In the last Assembly elections in 2013, political parties had nominated only three women candidates. In the recent Assembly elections held on November 28, 2018, the number of women candidates has gone up to 15. However, if we mull over the fact that the only strong candidate who has a realistic chance at winning is Vanlalawmpuii Chawngthu, the only woman in the assembly who is also a minister, then the scenario is no less bleak than before. 200 candidates had filed for nominations, and only 15 of them are women. Mizoram is one of the states in the country where the representation of women in politics is among the lowest. Chawngthu is the first Mizo woman to be a minister in the State Government and she is also the general secretary of the Mizoram Pradesh Congress Committee. Again, though a powerful minister with a stronghold on regional politics, her father was a former minister who aided her growth in the party. The newly formed party, the Zoram People’s Movement (ZPM), has fielded two women candidates, both of whom come from political families. Zaichhawna Hlawndoan evangelist who is the president of another formation, Zoram Thar, is fighting the Assembly elections in ‘the name of god’. His two daughters — Lalhrilzeli and Lalruatfeli — both educated in the UK, are contesting from two seats. Dynasty politics, like in the rest of the country, and indeed all over the world, has sunk its roots in Mizoram as well.  The Bharatiya Janata Party (BJP) has fielded six women candidates but as the national party has minimal presence in Christian-dominated Mizoram, there are doubts if any of their candidates will make the cut. The only encouraging news is that the party has included two women in leardership roles — Zohmingliani as the vice president and Lalrinkimi as the secretary.

Zoramthanga, former CM and president of the Mizo National Font has clearly said: “If we had a strong woman candidate, we would have nominated her. But unfortunately our party does not have one. No woman contested on an MNF ticket in the 2013 Assembly polls either. Nor will there be a woman candidate this time.” It interesting to note that in a State where women are visible everywhere, from plying on the roads with two-wheelers, picking up children from school, running small businesses, to toiling on the fields and in offices, there are no ‘strong’ women found competent to contest. It is pertinent to mark that when the call for votes comes from politicians, there is no gender imbalance. They ask for votes from the masses, both men and women. In Mizoram, more than half of the electorate is made up of women, yet there is little representation of that in the Assembly. As a representative democracy, the elected representatives cannot represent the voices of men in overwhelming numbers.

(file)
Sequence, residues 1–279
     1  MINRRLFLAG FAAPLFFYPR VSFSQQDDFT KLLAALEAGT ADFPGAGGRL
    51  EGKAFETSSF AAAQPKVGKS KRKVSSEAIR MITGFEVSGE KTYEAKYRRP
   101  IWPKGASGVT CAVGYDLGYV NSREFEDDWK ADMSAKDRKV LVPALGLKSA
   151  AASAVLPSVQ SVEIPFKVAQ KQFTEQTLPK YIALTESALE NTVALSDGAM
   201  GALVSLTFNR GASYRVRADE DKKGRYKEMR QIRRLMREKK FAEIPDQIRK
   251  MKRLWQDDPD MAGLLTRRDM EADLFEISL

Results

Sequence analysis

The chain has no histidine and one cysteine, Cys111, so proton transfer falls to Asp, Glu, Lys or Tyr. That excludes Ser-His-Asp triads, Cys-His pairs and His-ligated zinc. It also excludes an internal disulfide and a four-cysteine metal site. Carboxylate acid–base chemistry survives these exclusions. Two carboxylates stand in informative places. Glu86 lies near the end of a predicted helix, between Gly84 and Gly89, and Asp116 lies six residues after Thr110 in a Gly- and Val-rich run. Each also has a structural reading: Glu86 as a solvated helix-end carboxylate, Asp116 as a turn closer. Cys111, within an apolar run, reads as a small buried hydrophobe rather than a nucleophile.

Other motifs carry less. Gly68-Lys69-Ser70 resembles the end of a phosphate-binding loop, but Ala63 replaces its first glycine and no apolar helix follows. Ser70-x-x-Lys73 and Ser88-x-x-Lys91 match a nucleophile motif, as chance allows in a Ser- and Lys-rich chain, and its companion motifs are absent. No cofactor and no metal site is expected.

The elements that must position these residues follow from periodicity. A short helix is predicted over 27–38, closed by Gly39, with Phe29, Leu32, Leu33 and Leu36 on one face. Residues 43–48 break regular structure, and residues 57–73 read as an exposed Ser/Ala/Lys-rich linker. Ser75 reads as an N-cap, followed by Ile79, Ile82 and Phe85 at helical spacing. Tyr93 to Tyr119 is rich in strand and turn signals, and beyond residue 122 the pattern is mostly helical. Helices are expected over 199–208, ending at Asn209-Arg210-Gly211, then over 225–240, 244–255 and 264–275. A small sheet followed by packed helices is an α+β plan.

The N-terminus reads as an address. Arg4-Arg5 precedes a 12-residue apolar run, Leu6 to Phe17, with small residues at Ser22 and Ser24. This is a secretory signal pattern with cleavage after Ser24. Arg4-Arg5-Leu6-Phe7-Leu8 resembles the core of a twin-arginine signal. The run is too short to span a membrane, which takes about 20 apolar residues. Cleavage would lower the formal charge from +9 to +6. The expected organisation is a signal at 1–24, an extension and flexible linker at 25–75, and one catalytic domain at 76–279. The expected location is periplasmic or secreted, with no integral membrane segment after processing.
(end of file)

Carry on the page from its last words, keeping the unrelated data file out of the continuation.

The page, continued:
What is the solution, then? For a start, all political parties, across the spectrum, need to acknowledge the need for inclusive politics and involve women in decision-making roles. Political parties must also address the elephant in the room – reservation for women — not only in the Parliament but also within political parties. There is 33 per cent reservation for women in Gaon Panchayats across the country, in Assam it goes up to 50 per cent, and though there are instances when a woman representative is only the executioner whereas the real power rests elsewhere, mostly with a husband, it has to be acknowledged that this is only the beginning. As more and more women enter the system through some form of preferential treatment initially, politics will be strengthened by the views and inputs from the other half of the population. At a time of sweeping global change and plummeting economies, we cannot afford to ignore women’s voices, which may bring in the revolution we are waiting for. The future, as they say, is female.

Once more unto the breach…

“Wrap it up, this final Lok Sabha session,” says Tara Krishnaswamy of the newly formed, non-partisan Indian Women’s Caucus spearheading a renewed effort to ensure gender-balanced representation in Parliament and state Legislative Assemblies.

There are 11% women in Parliament and 9% in state assemblies.
Outcomes can only depend on inputs; only 5-10% women are elected as only so many are given tickets by major parties.
Parties have lakhs of women as members, but rarely as decision-makers.
What should labour without a career ladder be termed?